"There was an article in the New York Times not that long ago saying that women who are working are now 30% of people who are employed, and you know they’re bringing home the bacon. And I think that whole idea of women empowerment that started in the '70s or the '60s when they were burning their bras is carrying on to a whole different level now. Not only are they mothers and they are bringing home the bacon and they are working full time, it’s a full-scale corporation at home. You’re running your own house, too. You have help at home, but you’re also working a full-time job and you’re the president of the corporation or vice-president of the corporation and it’s not easy. And also you’re trying to be feminine and you have to be masculine at work, so it’s sort of a strange balance, you know?"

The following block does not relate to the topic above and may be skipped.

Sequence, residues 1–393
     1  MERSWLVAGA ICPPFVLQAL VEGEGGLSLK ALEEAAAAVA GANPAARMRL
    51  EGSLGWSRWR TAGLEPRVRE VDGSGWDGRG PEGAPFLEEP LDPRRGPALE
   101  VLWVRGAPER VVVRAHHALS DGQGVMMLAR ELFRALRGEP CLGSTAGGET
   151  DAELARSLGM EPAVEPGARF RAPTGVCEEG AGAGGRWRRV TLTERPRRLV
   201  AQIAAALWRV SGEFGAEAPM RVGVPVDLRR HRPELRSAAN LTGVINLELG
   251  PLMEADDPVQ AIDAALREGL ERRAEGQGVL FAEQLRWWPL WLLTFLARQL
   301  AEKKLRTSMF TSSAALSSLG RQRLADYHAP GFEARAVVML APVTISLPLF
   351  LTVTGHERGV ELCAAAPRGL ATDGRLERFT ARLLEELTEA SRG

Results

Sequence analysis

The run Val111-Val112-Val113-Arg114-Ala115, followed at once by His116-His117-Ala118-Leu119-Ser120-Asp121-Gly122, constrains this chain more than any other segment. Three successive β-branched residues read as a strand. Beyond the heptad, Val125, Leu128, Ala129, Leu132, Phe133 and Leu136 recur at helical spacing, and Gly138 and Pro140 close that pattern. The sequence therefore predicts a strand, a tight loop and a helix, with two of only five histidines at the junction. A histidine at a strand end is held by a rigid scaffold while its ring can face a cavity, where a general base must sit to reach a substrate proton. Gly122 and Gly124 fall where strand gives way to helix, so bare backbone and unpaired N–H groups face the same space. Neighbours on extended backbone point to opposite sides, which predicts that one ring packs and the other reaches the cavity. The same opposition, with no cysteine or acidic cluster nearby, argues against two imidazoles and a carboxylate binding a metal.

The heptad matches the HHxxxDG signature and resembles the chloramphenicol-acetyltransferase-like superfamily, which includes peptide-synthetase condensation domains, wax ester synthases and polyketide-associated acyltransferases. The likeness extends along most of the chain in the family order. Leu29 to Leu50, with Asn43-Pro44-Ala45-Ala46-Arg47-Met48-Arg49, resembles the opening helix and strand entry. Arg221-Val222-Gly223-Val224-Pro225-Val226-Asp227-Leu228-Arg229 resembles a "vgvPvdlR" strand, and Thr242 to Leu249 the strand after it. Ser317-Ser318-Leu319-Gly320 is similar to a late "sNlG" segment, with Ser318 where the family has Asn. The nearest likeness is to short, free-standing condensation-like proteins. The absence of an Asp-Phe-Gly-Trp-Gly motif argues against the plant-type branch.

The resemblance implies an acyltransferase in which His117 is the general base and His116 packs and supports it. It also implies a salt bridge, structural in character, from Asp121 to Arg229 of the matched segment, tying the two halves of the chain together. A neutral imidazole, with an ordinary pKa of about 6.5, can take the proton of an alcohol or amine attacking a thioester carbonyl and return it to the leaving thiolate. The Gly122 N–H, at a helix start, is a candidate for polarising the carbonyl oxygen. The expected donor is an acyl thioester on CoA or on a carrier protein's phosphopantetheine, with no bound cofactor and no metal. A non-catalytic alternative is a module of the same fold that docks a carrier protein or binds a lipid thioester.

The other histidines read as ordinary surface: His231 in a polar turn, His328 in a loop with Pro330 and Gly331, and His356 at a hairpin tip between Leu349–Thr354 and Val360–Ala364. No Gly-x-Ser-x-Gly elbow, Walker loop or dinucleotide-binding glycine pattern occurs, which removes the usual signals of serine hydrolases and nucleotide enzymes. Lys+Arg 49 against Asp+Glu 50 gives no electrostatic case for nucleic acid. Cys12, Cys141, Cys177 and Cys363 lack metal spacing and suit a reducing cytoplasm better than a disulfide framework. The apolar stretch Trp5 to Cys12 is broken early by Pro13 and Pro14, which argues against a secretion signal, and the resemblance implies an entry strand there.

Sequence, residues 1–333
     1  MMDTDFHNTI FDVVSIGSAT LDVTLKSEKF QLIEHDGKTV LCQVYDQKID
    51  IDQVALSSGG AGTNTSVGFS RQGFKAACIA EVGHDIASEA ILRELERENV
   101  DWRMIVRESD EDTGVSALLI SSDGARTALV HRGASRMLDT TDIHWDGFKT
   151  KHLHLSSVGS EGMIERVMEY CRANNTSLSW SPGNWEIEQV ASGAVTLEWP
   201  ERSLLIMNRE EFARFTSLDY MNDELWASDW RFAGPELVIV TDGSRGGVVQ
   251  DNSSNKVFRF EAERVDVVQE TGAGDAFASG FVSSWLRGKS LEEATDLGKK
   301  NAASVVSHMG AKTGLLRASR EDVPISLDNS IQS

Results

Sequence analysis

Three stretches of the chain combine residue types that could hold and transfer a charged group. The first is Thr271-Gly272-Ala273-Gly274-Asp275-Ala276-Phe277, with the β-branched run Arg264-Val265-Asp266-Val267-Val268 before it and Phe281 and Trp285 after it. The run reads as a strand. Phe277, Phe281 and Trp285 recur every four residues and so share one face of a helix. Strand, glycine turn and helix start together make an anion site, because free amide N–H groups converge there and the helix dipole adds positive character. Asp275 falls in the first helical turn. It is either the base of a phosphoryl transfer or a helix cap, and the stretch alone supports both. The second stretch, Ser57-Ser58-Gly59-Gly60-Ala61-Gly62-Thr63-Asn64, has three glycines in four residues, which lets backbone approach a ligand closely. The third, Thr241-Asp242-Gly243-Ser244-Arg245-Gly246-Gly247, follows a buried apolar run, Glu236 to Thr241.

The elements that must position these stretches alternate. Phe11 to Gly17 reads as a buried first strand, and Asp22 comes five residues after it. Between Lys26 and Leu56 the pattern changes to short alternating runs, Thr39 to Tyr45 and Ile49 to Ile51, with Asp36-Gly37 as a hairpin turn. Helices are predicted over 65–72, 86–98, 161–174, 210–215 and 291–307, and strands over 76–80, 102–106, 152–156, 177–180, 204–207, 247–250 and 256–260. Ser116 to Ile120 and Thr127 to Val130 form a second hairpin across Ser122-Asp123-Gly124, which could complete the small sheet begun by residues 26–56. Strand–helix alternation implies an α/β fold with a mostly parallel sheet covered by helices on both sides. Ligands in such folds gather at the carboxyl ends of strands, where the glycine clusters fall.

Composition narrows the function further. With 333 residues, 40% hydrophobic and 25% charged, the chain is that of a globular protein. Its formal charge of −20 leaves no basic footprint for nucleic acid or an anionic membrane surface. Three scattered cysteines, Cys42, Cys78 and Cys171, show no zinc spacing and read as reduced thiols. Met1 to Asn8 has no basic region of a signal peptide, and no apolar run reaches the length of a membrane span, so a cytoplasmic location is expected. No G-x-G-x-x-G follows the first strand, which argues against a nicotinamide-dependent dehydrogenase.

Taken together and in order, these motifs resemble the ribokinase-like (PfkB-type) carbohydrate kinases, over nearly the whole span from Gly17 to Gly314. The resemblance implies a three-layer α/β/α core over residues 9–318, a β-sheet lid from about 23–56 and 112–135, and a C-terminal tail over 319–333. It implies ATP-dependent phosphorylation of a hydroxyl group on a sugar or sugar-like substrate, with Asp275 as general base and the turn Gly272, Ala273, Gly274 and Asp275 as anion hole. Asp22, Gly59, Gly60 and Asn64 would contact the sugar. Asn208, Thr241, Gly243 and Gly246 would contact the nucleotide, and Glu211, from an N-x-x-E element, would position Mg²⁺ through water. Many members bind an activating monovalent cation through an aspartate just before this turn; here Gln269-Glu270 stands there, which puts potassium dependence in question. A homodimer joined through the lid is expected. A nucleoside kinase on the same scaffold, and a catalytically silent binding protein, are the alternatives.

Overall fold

The expectations are the same, but the demands are so much higher right now. Take your role as Watson on Elementary. You’re the female version of a character that’s been male for over 200 years. What are the challenges of trying to land a role that’s inherently male? And to that point, what's hard about being an actress today, especially if you don't meet the white, blonde stereotype of America?
"I think the stereotype of what's 'American' is changing vastly. I mean, it’s still a gradual change, but I think even having President Obama in the White House is a big shift. I think in the first election it was like, 'Oh, an African American president is such a big deal,' and now it’s not about that. It’s like, 'What can he do, and what changes is he promising to make?' I think that shift happened over the course of four to five years."